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PUTTING THE WET STUFF ON THE RED STUFF


Helicopters were first used on wildland fires in 1947. Fire managers recognized the value of the helicopter’s ability to rapidly transport personnel and cargo to battle the flames, especially in remote locations. In 1967, Lematta came onto the firefighting scene and the name Columbia Helicopters has been synonymous with helicopters and firefighting ever since.


Helicopters are extremely versatile fire management tools in that they can precisely deliver specific amounts of water and fire retardant to the fire line. Like many firefighting helicopters, the weapons in the Columbia firefighting arsenal come in the form of buckets and tanks, but not just any buckets or tanks. Think big buckets and big tanks!


Using this type of helicopter for firefighting operations requires a certain amount of innovation in order to adapt the aircraft to the many situations that can occur during firefighting missions. Over the decades, Columbia Helicopters has been on the leading edge of innovation by not only developing products and standards, but also being early adopters of new technology.


Several examples of this include:


• Participating in design changes going from Griffith buckets to Bambi Buckets.


• Using the SEI Torrentula Bambi Buckets equipped with the Powerfill System. Each bucket carries four high-speed pumps that can fill it in less than 90 seconds from water sources as shallow as 18 inches. The development of this innovative aerial firefighting product was born out of the valuable feedback received from helicopter operators, as well as from Canadian and American forest and land management agencies.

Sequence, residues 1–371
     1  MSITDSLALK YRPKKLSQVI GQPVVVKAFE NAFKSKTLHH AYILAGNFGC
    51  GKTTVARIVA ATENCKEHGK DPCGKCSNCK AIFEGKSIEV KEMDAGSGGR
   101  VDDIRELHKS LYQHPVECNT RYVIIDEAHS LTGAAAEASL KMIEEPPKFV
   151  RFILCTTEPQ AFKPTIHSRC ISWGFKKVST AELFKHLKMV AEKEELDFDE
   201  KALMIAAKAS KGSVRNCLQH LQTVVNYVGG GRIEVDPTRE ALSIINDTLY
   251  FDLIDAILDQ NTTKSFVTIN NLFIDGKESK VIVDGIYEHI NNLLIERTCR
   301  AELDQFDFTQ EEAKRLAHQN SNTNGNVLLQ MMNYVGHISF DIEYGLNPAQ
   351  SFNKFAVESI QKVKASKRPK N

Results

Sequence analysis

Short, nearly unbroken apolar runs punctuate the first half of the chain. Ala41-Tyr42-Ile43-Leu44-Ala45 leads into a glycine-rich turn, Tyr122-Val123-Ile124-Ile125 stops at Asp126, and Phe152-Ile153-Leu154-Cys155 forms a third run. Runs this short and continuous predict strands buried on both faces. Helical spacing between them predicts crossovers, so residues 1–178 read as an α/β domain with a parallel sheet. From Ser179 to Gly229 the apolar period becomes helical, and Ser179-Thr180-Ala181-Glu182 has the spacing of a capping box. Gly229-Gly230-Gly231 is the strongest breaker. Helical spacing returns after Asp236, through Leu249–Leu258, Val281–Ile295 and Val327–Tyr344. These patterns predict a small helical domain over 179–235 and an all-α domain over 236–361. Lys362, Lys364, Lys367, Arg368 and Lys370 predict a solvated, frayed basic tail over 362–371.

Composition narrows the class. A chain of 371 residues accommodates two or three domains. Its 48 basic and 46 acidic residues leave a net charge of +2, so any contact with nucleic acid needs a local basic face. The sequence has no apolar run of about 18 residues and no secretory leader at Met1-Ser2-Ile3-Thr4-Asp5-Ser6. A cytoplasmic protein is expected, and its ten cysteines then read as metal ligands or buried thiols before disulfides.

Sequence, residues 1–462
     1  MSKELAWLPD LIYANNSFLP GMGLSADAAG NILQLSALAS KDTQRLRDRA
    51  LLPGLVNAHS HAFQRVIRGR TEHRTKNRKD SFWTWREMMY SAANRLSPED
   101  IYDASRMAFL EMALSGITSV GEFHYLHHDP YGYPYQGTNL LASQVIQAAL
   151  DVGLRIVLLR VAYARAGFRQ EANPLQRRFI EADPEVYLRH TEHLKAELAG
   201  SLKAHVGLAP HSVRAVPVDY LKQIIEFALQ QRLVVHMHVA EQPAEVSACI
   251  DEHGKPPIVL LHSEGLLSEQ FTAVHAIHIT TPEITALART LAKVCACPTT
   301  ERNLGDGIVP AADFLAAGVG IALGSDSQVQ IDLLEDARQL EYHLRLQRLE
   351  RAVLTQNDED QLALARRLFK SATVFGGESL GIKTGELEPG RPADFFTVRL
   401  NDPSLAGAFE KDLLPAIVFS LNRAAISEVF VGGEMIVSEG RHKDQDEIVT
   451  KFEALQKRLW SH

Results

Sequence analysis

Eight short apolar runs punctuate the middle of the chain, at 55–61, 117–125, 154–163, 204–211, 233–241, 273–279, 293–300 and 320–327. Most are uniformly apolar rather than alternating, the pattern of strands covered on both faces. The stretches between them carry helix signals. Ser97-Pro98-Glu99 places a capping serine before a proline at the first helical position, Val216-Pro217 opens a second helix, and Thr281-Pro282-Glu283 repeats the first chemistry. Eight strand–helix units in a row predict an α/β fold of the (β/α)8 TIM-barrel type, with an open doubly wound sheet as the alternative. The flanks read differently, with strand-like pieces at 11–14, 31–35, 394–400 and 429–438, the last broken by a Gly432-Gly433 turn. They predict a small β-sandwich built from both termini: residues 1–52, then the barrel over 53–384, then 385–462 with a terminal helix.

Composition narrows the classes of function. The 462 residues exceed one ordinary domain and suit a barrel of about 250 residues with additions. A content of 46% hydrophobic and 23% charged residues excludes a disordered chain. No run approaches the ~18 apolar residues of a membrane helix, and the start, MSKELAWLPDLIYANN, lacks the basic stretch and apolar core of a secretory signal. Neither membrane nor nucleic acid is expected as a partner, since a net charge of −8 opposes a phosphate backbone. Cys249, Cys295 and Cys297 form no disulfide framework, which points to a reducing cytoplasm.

• Developing and deploying the first CH-47D internal Fire Attack System (FAS) water tank with Simplex, providing an efficient and safe tool for firefighting at the urban interface.


The CH-47D internal Fire Attack System (FAS) water tanks are very unique in that they are capable of holding 2,800 gallons (10,600 Liters) of water. The pilot can drop the load of water using multiple water-drop settings from the cockpit. Once the aircraft


is over a fire, Columbia pilots are able to drop suppressants and retardants in a variety of ways that best meet the needs of the ground firefighters. They can hit a long fire line by partially opening the FAS tank while in forward flight. Alternatively, they can open and close the gate to dispense a series of spot drops, or they can hit those stubborn hotspots with a precise, massive spot drop.


According to Bandy, “Since urban areas are right up against forested areas, the FAS tank system allows us to deliver larger quantities of water with more speed and precision. These large tanks can literally be filled in a minute or so and emptied in seconds.” The net result equates to quicker turn-arounds, which equals more wet stuff on the red stuff.


Generally speaking, the firefighting side of the business has been expanding over the last few years, due to forest fires burning hotter and longer and more frequent. “We have seen longer fire seasons in recent years,” says Bandy. Columbia typically has aircraft on contracts with ODF (Oregon Department of Forestry), CDF (California Department of Forestry), and the US Forest Service.


56


Mar/Apr 2017


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